The four supermarkets made the announcements on Thursday, just a day after Britain’s biggest grocer Tesco (TSCO.L) confirmed a similar decision to pay back £585m ($783.7m) in business rate relief.
But the moves will focus attention on other retailers that have not decided to forgo the tax relief, with Waitrose owner John Lewis Partnership and the Co-op declining to hand over cash.
Sainsbury’s said it would repay the UK government and devolved administrations around £440m, while Asda will hand back around £340m, Morrisons £274m, and Aldi more than £100m. It means an unexpected £1.7bn windfall for the Treasury coffers.
The UK government introduced the temporary tax cut for retail, hospitality, leisure, and nursery firms in England in April, with similar measures announced soon after elsewhere in the UK.
READ MORE: Tesco repays £585m business rate relief
Supermarkets came under fire for taking the relief earlier this year as they have been able to remain open throughout the pandemic, unlike many other firms receiving support.
“Essential” retailers have also faced criticism for continuing to profit from sales of non-essential products, and Sainsbury’s and Tesco’s decision to pay dividends sparked further controversy.
WATCH: Major supermarkets to return £1.3bn in business rate relief
Simon Roberts, CEO of Sainsbury’s, said: “While we have incurred significant costs in keeping colleagues and customers safe, food and other essential retailers have benefited from being able to open throughout.
“With regional restrictions likely to remain in place for some time, we believe it is now fair and right to forgo the business rates relief that we have been given on all Sainsbury's stores.
“We are very mindful that non-essential retailers and many other businesses have been forced to close again in the second lockdown and we hope that this goes some way towards helping them.”
Aldi’s CEO Giles Hurley said repaying the cash was “the right decision to help support the nation.”
Asda’s CEO and president Roger Burnley said it had always “sought to do the right thing” during the pandemic, noting there were “other industries and businesses” that would suffer for longer from COVID-19. “As the hope of a vaccine and a more ‘normal’ life returning in 2021 grows, we have confidence that we are in a strong position to again do the right thing for the communities we serve.”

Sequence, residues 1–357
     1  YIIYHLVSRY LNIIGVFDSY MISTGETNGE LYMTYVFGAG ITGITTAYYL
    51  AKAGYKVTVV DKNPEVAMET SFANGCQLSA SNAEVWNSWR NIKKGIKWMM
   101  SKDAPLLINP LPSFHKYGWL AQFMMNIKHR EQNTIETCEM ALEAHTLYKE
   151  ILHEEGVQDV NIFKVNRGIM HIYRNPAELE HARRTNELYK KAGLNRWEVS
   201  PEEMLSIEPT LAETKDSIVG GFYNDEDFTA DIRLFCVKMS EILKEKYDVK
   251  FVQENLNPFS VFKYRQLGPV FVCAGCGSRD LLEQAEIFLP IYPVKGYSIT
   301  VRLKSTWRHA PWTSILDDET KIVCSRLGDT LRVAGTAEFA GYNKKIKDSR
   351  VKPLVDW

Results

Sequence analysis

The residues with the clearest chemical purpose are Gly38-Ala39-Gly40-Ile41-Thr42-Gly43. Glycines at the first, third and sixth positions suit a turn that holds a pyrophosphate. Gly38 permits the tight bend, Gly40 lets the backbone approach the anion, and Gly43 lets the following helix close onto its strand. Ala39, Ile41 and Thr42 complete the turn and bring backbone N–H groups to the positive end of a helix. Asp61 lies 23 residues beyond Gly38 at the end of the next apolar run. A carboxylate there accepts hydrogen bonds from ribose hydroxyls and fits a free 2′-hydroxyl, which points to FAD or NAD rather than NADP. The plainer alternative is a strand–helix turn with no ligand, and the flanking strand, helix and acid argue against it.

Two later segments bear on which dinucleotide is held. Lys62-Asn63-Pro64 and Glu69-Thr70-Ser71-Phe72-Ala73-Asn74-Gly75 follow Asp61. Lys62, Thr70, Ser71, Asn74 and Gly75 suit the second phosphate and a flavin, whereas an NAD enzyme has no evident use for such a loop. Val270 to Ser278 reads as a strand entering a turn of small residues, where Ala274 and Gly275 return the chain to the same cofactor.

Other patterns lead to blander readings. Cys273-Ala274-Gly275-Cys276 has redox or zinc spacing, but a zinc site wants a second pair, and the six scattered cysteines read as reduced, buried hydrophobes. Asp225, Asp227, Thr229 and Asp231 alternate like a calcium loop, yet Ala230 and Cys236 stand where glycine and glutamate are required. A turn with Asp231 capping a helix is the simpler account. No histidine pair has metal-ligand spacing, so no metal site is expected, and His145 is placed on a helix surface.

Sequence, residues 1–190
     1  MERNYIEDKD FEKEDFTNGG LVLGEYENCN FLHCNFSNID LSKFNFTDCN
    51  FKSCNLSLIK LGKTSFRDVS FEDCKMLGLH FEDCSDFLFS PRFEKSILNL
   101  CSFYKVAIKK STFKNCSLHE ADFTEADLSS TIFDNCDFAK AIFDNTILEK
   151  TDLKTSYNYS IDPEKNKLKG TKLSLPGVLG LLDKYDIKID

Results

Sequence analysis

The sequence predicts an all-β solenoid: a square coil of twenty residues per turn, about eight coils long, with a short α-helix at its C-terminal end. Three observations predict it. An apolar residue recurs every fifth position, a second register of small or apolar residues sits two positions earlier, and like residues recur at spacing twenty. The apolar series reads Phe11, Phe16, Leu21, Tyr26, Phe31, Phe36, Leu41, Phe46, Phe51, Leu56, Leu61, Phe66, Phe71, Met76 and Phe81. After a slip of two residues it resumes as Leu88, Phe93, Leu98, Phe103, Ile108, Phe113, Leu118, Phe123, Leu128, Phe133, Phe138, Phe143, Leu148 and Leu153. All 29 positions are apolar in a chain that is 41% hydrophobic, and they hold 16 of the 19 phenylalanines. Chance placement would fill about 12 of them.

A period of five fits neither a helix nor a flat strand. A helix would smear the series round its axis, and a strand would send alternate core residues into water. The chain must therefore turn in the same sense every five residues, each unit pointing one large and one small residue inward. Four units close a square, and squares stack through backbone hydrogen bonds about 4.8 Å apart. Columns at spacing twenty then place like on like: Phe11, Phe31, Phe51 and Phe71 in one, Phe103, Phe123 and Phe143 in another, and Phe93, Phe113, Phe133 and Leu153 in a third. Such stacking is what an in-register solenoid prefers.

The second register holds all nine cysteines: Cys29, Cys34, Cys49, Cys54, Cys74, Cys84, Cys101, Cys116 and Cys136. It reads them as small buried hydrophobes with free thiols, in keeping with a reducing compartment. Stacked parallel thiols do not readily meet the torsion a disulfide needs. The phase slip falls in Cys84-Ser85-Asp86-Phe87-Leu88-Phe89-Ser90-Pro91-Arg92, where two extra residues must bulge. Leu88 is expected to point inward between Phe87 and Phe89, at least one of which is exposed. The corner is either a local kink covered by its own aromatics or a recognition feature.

Morrisons’ statement said it had been considering “the implications” of the business rate holiday for some time. It indicated it had previously been planning to decide on repayment once the full cost and duration of the pandemic had become clear.
But it said the decision had been “brought forward,” suggesting it may have felt pressured into an announcement by Tesco’s decision.
Not every grocer handed back the cash. A Co-op spokesperson said the savings had been lower than extra costs incurred because of the pandemic such as protective measures for customers and staff.
They highlighted “huge uncertainty” and ongoing costs, adding: “We’ll consider our approach in terms of the Government support we’ve received at year end.”
Waitrose also has no plans to return savings. A spokesperson for the John Lewis Partnership, which includes the supermarket chain, said: “We are incredibly grateful for this vital support because we have lost significant sales while our John Lewis shops have been closed, and have invested heavily to keep our Partners and customers safe.
“The outlook remains incredibly uncertain and Government support remains crucial to help us navigate the crisis.”
WATCH: Tesco business rate decision pressures rivals to follow its lead
The John Lewis spokesperson also highlighted the employee-owned organisation’s decision not to pay a bonus to staff this year for the first time in decades. “Whenever we make any money, it is invested in our partners, our business and charitable giving."
Retail analyst Steve Dresser asked on Twitter: “Is that now deemed acceptable? It's ok because it's John Lewis? Waitrose didn’t have to close.”
Several supermarkets highlighted the importance of receiving the support in the first place even as they announced they would repay the money.
Hurley said Aldi had faced “increased costs” during the coronavirus crisis.
David Potts, chief executive of Morrisons, said the government’s support had “enabled the whole sector to face squarely into the challenges and disruption caused by COVID-19.”
Meanwhile Tesco had called the support a “game-changer” earlier this week, adding that “every penny” had been spent responding to the pandemic.
“Panic buying, severe pressure on supply lines, major safety concerns and the risk of mass absences from work, culminated in a real and immediate risk to the ability of supermarkets to feed the nation,” said Tesco’s statement.